Well, this has happened to me a few times now as I'm playing around with files, most recently after installing the packages needed to enable DVD playback in gxine. You restart your computer only to find a black screen and no X Server loading, or if you're lucky you get the lovely garbled message informing you "Way to go dummy, you killed X" (ok, so those aren't EXACT words, but that's how my computer talks to me in my mind). Well, I've tired of trying to remember how to fix my mistakes every time, so here it is.
I used the Xubuntu 7.04 (Feisty) Alternative CD for this procedure, but it should work the same for any Debian or Ubuntu derivatives with the Rescue feature.
Start your computer and immediately insert the CD. When the menu appears choose the Rescue a broken system feature (aptly named I must say). This will run you through a few options such as location, keyboard, DHCP config, etc. but when this is done it asks what partition to mount as root. Choose your root partition, for me on my PC it is /dev/hda1, but on the G4 it's /dev/hda3 (thanks to Apple partition table and Yaboot). Now choose the Execute a shell in /dev/hda1. This will give you the terminal to play with to your heart's content.
Now for the actual fix:
Type Xorg -configure. This will run some tests and configure X the same as it was initially. Now type X -config //xorg.conf.new. If this works it will give you a checkerboard background with the X mouse. Make sure the mouse moves and your monitor isn't screaming at you, this would mean the refresh rates are off. Now press CTRL+ALT+BACKSPACE to exit the test environment. That's a fun step X fails to mention. If it didn't work you can edit the file xorg.conf.new file yourself or you can follow any directions they give you on what the problem may be.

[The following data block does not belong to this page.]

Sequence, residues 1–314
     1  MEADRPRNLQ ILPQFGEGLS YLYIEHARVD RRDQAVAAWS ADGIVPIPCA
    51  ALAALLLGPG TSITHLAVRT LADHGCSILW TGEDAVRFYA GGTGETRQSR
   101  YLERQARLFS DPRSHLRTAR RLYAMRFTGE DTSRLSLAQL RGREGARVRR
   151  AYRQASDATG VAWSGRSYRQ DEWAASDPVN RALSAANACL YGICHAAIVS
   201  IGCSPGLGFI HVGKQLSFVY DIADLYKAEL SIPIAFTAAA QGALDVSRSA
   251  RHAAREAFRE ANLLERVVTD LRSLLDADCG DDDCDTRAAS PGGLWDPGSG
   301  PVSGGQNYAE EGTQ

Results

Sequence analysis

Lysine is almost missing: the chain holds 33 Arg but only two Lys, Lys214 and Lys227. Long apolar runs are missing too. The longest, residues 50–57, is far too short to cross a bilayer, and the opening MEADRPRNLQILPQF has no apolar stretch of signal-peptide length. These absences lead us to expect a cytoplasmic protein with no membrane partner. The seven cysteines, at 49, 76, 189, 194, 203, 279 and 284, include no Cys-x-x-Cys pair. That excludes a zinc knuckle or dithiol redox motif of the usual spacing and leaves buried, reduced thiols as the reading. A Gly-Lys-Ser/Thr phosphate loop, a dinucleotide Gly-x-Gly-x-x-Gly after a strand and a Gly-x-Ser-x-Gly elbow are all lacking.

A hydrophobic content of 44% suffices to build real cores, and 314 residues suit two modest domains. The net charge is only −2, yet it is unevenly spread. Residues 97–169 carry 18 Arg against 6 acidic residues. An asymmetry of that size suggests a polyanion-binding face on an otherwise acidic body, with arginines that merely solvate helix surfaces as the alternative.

If it did work now type cp xorg.conf.new /etc/X11/xorg.conf and let it do its thing. Now do an exit and this will take you back to the menu. Select Reboot System and remove the CD. This should get you back to a working OS.
As long as you can always find a way to fix your mistakes and take precautions (backing up like you're paranoid) you can do as much as you want to a computer, I find that's the best way to find out how software works. Edit things, see how they work, and when they break learn how to fix it. Though I say again, NEVER EDIT FILES THAT MAY BREAK THE SYSTEM IF YOU DON'T BACK UP ANY FILES YOU WANT!!!